Light scattering-based sensors are almost universally used as compact particle detection systems. There are various sensors used daily by users for monitoring the air quality from indoor to outdoor monitoring. Among the portable instruments, low-cost and compact optical particle counters can determine particulate aerosol characterization, including mass and number concentration. Recently, researchers proposed new miniaturized and simplified scattering-based OPCs (in terms of detectors, light sources, and lenses) to enhance detection accuracy. This section describes different structures of the newly developed optical particle counters and compares their properties.

5.1. Smartphone-Based OPC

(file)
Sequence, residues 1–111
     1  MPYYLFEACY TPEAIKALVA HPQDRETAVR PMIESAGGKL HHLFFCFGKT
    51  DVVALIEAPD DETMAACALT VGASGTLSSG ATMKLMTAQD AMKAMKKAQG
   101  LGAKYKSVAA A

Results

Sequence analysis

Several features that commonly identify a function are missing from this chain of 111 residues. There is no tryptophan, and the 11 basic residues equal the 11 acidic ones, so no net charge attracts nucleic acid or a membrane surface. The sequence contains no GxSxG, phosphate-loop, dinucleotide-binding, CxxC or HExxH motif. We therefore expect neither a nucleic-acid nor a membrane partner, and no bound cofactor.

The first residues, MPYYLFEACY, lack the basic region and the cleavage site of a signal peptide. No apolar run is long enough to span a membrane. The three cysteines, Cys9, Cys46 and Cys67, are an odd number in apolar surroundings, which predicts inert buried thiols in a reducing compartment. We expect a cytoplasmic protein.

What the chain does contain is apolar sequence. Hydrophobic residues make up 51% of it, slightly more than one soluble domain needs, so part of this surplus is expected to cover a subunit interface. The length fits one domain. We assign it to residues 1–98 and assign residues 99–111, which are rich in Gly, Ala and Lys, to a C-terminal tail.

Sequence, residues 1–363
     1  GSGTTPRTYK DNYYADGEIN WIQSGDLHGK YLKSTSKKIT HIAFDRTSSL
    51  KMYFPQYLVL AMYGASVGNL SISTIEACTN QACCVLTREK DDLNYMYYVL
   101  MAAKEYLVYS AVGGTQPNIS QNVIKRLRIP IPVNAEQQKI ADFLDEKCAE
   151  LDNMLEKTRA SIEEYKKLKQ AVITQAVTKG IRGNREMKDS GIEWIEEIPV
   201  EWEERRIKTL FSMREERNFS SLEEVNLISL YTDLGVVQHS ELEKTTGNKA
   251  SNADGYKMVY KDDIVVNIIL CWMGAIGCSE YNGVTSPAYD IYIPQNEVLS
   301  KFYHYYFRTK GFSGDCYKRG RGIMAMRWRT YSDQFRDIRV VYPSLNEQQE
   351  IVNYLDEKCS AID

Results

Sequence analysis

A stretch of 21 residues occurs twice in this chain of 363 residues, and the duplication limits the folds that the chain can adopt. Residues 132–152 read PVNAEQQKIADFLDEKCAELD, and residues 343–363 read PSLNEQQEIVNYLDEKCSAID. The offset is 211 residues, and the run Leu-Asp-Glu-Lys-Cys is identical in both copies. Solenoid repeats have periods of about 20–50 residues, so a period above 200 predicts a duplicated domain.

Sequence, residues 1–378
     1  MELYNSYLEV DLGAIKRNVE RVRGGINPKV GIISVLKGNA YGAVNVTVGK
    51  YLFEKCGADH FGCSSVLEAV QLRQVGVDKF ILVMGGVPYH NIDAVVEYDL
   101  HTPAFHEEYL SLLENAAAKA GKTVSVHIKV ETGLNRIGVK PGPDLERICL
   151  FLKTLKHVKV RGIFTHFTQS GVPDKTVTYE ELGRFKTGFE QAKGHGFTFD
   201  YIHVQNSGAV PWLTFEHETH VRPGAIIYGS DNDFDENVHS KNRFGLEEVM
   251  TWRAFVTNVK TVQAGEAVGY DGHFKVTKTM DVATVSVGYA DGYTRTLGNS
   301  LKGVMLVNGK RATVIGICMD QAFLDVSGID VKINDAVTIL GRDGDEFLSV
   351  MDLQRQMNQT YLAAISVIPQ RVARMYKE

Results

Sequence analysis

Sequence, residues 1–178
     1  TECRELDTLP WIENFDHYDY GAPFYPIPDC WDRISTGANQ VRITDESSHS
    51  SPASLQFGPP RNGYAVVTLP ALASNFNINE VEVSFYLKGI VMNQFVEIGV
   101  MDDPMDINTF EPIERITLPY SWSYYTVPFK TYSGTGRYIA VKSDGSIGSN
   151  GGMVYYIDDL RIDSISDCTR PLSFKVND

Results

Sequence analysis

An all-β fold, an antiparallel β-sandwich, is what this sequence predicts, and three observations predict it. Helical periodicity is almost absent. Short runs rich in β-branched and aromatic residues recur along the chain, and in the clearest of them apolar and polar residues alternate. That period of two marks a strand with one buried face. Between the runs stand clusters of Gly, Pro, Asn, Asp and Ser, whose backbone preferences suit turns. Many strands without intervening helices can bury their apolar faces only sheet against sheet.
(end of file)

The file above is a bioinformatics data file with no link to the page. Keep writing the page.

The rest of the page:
Combining a miniaturized and low-cost optical dust sensor with a smartphone seems a promising approach to avoid any external and complex platforms and electronics for transmitting the measurement data [65]. The Sharp Gp2y1010AU0F ( Sharp Corporation, Sakai, Japan )belongs to the first generation of these dust sensors. The particles are illuminated by the LED flash of the smartphone, which is coupled with an optical fiber [66]. The phone camera, differently from a single-pixel photodetector, takes a series of images of particles. Then, the obtained images analysis gives the intensity of the scattered light. The device is able to measure down to a concentration level of 10 mg / m 3   due to insufficient light intensity and low coupling efficiency of the LED to the optical fiber [66]. In the second generation (a.k.a. Mobile Dust), the introduction of semi-spherical lenses guaranteed a more intense and effective scattered light [67]. Inadequate light intensity and lack of details on the particle number in the observation volume led to the third generation (a.k.a. Fein Phone) of smartphone-based OPCs (Figure 4). In this case, a mirror is used instead of the optical fiber, and the 2D camera detects the scattered light from the particles after passing from a single lens (using a magnifier-based method). Besides, the use of a single large magnifying lens has a significant benefit in detecting the single scatter traces of particles instead of a sum signal [64]. Another feature of this compact sensor is that it can be easily mounted and removed from the smartphone. Table 3 gives a complete overview of the three generations of smartphones-based OPC.